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Doing Something You Hate, To Reach Something You Love: Does It Work?

Updated on February 12, 2011

The Paradox of Sacrifice


Can doing something we hate, for a prolonged period of time, to reach something that we love ever hope to work? My life experience has indicated so far that the answer to that question is no. Many people would have you believe that there is something incredible in enduring pain to reach a goal. "No pain, no gain." We're taught to believe in this altruistic notion of sacrifice. As someone who tried to play that game for a decade literally wasting my life away, I'm here to tell this notion of sacrifice is an old school concept that fails to deliver in the current era.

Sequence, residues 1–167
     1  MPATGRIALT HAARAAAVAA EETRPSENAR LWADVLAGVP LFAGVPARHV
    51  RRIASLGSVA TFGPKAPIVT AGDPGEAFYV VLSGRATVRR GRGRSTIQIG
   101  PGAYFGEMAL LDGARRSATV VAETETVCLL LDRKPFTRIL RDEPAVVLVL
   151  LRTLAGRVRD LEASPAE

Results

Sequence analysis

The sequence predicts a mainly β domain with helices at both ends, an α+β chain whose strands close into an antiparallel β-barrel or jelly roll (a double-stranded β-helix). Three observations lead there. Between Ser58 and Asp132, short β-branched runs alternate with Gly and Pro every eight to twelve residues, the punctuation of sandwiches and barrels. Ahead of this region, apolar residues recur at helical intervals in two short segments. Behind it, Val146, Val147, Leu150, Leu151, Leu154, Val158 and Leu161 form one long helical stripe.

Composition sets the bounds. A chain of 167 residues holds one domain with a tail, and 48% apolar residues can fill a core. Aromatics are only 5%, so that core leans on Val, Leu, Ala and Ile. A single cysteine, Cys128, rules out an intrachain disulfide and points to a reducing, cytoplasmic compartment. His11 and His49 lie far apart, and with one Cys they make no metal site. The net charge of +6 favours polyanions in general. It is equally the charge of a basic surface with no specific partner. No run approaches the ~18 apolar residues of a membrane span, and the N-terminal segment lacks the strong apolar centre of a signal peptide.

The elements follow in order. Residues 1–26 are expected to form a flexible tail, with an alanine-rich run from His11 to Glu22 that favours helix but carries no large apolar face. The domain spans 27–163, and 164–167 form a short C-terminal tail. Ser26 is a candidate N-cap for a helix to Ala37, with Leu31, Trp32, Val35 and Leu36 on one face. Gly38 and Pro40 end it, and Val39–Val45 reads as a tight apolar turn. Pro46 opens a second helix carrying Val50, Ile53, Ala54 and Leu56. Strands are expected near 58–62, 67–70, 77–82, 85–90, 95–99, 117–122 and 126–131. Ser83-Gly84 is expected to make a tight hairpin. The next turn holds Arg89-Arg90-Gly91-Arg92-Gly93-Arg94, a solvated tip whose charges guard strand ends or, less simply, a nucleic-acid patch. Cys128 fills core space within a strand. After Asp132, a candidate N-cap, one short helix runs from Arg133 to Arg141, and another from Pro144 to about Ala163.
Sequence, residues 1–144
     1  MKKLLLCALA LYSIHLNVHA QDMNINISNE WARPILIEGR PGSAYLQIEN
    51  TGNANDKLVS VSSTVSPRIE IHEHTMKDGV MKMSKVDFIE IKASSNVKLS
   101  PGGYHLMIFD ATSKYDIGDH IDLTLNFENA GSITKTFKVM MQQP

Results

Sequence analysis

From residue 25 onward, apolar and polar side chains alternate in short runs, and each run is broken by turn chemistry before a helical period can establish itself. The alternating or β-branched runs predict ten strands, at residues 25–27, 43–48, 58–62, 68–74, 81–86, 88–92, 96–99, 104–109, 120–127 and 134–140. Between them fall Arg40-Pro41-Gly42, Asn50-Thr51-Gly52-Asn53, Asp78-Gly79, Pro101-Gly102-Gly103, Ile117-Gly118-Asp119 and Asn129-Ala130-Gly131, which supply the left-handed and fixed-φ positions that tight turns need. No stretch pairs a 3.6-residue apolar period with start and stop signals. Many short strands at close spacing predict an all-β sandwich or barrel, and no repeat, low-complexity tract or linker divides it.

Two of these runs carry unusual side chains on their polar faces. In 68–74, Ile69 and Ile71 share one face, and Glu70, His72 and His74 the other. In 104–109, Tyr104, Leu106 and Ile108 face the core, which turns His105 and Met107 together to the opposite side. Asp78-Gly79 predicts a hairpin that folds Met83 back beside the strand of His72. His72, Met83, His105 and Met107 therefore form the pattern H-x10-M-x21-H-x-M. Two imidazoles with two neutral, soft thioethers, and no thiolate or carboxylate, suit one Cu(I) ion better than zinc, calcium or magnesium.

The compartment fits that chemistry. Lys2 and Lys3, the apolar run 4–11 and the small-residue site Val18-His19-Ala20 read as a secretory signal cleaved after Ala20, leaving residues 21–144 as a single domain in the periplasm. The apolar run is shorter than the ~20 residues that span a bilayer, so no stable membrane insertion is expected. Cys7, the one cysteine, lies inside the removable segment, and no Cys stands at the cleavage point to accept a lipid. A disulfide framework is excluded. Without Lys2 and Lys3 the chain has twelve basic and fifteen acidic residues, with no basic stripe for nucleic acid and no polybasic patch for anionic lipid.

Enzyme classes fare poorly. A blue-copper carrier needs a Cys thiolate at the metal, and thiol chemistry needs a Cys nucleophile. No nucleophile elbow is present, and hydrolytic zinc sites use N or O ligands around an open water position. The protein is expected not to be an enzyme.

Yes, I Realize You Hate School Son, But. . .

The title echoing the words of my father . . .

I struggled just to pass High School. I remember many countless nights staying up trying to painfully memorize and cram the monotonous material into my head. I would call these study sessions "drill and kill." No matter what the "adults" said, nothing could convince me this was proper education. This was an awkward time period in my life. I was a sixteen-year-old provincial chess master, a writer and a web page designer/entrepreneur. I did many things kids my age couldn't even contemplate doing at the time. Yet I couldn't pass a High School test if my life depended on it. Literally, my life did depend on it. I'm amazed that I even managed to pass High School at all.